Our findings provide prima facie observational evidence for a frequency-dependent transient rheology of the upper mantle, similar to a recent theoretical argument (Lau and Holtzman, 2019) but at a shorter time scale. So far, models with a biviscous Burgers body (Pollitz, 2003), power-law rheology (Freed and Bürgmann, 2004), or both (Freed et al., 2012) have been employed, but with only one mode of transient bulk rheology. Burgers body models, with a transient viscosity 10% of the steady-state viscosity, underpredict the far-field deformation in the first year (Freed et al., 2012, their figure 9; Pollitz, 2015, his figure 3). Post-Landers, Hector Mine, and Ridgecrest earthquake GPS data support more than one characteristic time of transient deformation in the upper mantle, showing that a nonlinear power law, Andrade, or extended Burgers rheology is required to fit the data. Yet, the caveat is that a pronounced depth/temperature-dependent rheology could provide an alternative explanation for such time-varying viscosities (Freed et al., 2007; Riva and Govers, 2009).

THIN CRÈME BRÛLÉE MODEL FOR THE ECSZ

Most previous studies of the postseismic deformation in the Mojave Desert have found a crust-to-mantle viscosity ratio ≥10 and support a time-dependent crème brûlée model (Pollitz et al., 2001; Freed et al., 2007, 2012; Pollitz, 2015): the short-term lithospheric strength resides in the whole crust, but the lower crust may lose strength in the long term, making the upper crust the only load-bearing layer at geologic time scales (Thatcher and Pollitz, 2008). Models constrained by far-field GPS data, which are incapable of tightly resolving the lower-crustal viscosity, favor a crust-to-mantle steady-state viscosity ratio close to 25 (Freed et al., 2012), and we also found a similar ratio when using only the far-field data. Pollitz (2015) used post-Hector Mine GPS data similar to ours and fixed the ratio to 10. In contrast, we obtained a preferred ratio of ∼5 and found that the ratio proposed by Pollitz (2015) lies near the upper bound of ours (Fig. 2B). To explain the crust-to-mantle viscosity ratio ≥10, the rock-forming minerals were assumed to be wet plagioclase or mafic rock for the lower crust and hydrated olivine for the upper mantle (Behr and Hirth, 2014; Pollitz, 2015). However, the steady-state viscosity of wet plagioclase can be ∼2 × 1020 Pa·s (Getsinger et al., 2013), i.e., lower than previous geodetic results but consistent with ours (∼2 × 1020 Pa·s). Also, the lower crust may contain quartz (Lowry and Pérez-Gussinyé, 2011), implying that the lower crust might be weaker than that found in previous geodetic (Freed et al., 2012), geophysical (Shinevar et al., 2018), and petrological (Behr and Hirth, 2014) studies.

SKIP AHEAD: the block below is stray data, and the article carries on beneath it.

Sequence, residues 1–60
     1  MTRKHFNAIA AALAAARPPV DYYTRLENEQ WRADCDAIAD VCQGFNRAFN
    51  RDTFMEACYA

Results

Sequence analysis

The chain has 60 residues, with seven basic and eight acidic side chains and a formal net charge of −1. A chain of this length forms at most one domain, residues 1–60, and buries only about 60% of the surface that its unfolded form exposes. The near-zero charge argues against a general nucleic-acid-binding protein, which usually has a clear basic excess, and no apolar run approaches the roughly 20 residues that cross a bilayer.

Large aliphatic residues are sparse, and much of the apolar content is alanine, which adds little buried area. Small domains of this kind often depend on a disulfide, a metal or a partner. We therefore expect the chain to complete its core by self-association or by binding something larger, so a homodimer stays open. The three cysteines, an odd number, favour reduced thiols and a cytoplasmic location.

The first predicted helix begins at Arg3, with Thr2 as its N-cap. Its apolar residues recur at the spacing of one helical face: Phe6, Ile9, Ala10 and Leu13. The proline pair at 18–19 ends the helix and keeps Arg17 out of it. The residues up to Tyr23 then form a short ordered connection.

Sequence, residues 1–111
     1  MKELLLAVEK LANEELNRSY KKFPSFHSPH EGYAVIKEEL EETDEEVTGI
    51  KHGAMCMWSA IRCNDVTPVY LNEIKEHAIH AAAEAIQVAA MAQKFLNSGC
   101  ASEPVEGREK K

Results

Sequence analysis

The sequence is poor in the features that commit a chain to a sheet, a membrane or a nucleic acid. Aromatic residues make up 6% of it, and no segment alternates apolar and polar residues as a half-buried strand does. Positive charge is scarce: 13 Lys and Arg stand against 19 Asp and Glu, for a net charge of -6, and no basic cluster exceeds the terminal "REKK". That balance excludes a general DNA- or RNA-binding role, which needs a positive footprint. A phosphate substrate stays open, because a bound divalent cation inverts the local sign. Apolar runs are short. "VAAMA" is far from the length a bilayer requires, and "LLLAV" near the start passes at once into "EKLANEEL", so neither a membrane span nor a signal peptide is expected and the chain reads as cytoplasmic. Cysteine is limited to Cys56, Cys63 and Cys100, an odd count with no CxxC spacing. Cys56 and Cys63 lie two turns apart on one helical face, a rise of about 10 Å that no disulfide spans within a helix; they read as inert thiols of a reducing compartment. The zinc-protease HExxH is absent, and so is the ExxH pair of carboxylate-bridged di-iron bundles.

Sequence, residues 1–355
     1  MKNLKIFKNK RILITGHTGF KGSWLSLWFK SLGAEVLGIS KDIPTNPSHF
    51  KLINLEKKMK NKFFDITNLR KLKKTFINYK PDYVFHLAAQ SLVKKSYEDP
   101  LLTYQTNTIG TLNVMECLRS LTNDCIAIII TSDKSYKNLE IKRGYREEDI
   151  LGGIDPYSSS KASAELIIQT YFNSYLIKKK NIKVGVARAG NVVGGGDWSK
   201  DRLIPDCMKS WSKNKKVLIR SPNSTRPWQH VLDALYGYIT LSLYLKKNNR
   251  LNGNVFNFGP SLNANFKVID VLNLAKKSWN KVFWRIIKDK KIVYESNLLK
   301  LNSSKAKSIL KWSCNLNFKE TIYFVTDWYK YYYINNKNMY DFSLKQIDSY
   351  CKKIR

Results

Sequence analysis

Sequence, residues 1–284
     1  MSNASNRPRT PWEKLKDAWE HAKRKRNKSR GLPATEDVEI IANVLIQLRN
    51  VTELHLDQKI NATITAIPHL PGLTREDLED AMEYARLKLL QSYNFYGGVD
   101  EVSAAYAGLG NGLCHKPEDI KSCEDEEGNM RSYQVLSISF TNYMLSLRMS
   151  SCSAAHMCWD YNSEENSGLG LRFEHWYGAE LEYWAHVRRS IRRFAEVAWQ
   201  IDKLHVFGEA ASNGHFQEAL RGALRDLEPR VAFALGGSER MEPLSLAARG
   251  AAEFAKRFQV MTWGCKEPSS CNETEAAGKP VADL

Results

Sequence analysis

We propose a thin crème brûlée model for the rheological structure of the Mojave Desert at earthquake-cycle time scales. As revealed by 18 yr of GPS data, the lower crust did experience substantial stress relaxation at the decadal time scale (Fig. 4B). The similar spatial distribution of faults (forming a 60–90-km-wide shear zone), cumulative strike-slip rate (∼12 mm/yr; Meade and Hager, 2005), effective elastic thickness (<10 km; Lowry and Pérez-Gussinyé, 2011), and surface heat flow (>70 mW/m2; Blackwell and Richards, 2004) north of the Garlock fault (Fig. 1), and the transient viscosities that we derived from the post-Ridgecrest earthquake data lead us to propose a similar rheological structure for the southern and central ECSZ. Because the effective elastic thickness in the region is found to be <10 km (Lowry and Pérez-Gussinyé, 2011), i.e., ∼2–3 km less than the thickness of the seismogenic layer (Rolandone et al., 2004), both the lower crust and upper mantle might be weak at geodetic and geologic time scales.

ACKNOWLEDGMENTS

We appreciate constructive reviews by Greg Hirth, Fred Pollitz, and James Jackson. We thank Sylvain Barbot for sharing the Unicycle code; Rongjiang Wang for his guidance on the PSGRN/PSCMP software; and Xiaohua Xu and Kang Wang for sharing their rupture models. Liu acknowledges support from the Institute of Geology, China Earthquake Administration. This study was funded by King Abdullah University of Science and Technology (KAUST, Saudi Arabia) award BAS/1/1353–01–01. This is Southern California Earthquake Center publication 10779.

1Supplemental Material. Supplemental details on data analysis, modeling methods, and modeling results, as well as supplemental figures and table. Please visit https://doi.org/10.1130/GEOL.S.12964937 to access the supplemental material, and contact editing@geosociety.org with any questions.
Gold Open Access: This paper is published under the terms of the CC-BY license.